The DPDK framework is used for packet processing by the dns-probe-dpdk binary and by the dp-dpdk script. This alternative for reading packets bypasses the kernel and reads packets from a network port directly to the user-space application. This makes packet input several times faster than with AF_PACKET sockets. To ensure a proper distribution of packets to the RX queues (packets of the same flow going in both directions need to end up in the same RX queue), we use a special key for the RSS hash function in DPDK.

Worker threads

Worker threads execute the main packet processing pipeline of the probe. They read packets from RX queues, parse them and create DNS records. These DNS records are then matched in Transaction table to form a single record for each pair of DNS request and response. After accumulating enough records the worker thread then sends them through a ring buffer to the export thread.

DNS Probe handles DNS traffic transported by both UDP and TCP. Since the probe does all the packet parsing itself, it implements a slightly modified version of TCP finite machine and a reordering buffer to properly reconstruct TCP streams and extract DNS traffic from them. DNS data itself is parsed by the probe and certain items are extracted from it to form a request or response DNS record. This DNS record is then inserted to the Transaction table.

Transaction table is a hash table for matching DNS requests with responses. The matching is done based on a 6-tuple of source IP address, destination IP address, source port, destination port, transport protocol and DNS ID. Optionally, the user can enable additional matching based on the QNAME field from DNS question section. If a request is matched with a response, these two records are merged into one and buffered for output.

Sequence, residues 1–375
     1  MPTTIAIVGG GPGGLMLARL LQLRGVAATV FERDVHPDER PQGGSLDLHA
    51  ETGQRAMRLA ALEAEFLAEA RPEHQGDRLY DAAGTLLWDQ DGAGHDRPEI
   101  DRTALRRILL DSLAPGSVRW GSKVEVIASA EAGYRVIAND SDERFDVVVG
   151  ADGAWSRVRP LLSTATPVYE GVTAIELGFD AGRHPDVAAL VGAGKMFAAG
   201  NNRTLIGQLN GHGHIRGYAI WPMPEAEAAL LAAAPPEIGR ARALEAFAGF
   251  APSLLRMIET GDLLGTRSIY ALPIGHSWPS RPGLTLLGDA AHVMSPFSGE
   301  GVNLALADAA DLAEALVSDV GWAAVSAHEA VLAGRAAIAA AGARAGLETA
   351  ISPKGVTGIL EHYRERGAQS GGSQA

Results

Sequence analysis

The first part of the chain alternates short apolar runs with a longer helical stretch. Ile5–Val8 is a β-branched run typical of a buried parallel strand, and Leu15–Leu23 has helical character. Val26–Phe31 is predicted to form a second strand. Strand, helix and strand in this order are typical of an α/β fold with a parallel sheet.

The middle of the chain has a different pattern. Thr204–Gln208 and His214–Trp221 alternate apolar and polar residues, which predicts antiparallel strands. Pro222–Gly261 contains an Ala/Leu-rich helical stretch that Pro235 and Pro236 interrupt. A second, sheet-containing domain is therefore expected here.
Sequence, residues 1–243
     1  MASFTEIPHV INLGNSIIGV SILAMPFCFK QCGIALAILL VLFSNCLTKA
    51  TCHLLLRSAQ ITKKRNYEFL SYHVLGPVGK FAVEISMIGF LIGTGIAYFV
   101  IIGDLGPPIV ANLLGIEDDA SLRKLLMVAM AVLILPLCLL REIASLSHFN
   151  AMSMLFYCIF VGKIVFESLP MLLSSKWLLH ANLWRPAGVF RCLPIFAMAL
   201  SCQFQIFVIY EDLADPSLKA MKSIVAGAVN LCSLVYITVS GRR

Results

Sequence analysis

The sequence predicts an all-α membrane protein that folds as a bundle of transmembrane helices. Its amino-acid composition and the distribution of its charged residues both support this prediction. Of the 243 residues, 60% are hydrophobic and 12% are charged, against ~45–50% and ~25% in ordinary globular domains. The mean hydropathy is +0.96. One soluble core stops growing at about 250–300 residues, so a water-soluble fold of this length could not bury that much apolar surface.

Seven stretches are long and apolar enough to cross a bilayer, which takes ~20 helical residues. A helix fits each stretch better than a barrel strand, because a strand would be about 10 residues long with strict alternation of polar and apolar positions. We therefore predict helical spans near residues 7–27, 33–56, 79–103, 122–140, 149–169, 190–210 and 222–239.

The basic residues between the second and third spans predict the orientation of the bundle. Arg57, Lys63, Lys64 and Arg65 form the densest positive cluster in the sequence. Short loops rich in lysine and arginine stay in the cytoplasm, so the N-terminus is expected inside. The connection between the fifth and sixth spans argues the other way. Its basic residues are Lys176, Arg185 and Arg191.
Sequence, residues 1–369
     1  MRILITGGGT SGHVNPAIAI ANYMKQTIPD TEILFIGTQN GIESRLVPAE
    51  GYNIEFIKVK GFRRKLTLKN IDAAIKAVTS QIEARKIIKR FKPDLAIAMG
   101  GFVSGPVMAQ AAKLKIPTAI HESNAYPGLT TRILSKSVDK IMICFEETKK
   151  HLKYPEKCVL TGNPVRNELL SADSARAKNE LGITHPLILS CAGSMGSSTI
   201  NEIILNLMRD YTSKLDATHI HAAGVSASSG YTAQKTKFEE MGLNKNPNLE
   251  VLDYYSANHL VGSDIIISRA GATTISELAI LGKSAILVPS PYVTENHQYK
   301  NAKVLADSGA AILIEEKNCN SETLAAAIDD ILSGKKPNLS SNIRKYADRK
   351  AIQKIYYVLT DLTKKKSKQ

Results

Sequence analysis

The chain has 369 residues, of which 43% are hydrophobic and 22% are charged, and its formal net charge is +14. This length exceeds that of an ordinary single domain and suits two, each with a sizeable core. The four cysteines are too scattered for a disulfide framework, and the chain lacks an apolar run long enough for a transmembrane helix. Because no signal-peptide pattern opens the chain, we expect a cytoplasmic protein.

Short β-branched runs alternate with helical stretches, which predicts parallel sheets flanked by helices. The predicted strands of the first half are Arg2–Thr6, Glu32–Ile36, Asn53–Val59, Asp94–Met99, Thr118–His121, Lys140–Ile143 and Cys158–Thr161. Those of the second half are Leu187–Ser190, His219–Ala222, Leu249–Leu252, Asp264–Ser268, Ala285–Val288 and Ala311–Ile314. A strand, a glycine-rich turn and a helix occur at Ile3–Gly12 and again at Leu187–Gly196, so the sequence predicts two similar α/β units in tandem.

Once enough DNS records are buffered on the worker thread or time-based output rotation is triggered, the worker thread sends the object with buffered DNS records to the export thread via a ring buffer.

Export thread

The export thread handles export of DNS records to output. The probe supports export either to a local file or directly to a remote location via encrypted network transfer using TLS.

The export thread has a ring buffer for each of the worker threads. Through these ring buffers it accepts DNS records from worker threads and writes them to output. The output can be rotated based on the amount of data written, or on the time elapsed since the start of the current output. These parameters can be configured by the user.

Depending on the configuration, output data can be exported in one of two formats - Parquet or C-DNS [RFC8618]. Exported data can be optionally compressed with GZIP. As long as the current output file is open, its name has the .part suffix, which is removed once the output file is closed. The Parquet and C-DNS output files have the sufix .parquet and .cdns suffix, respectively. If GZIP compression is enabled, a C-DNS output file receives an additional suffix .gz. However, this is not done for Parquet output files because the Parquet format doesn’t compress the whole file – the compression is used internally only on certain parts of it.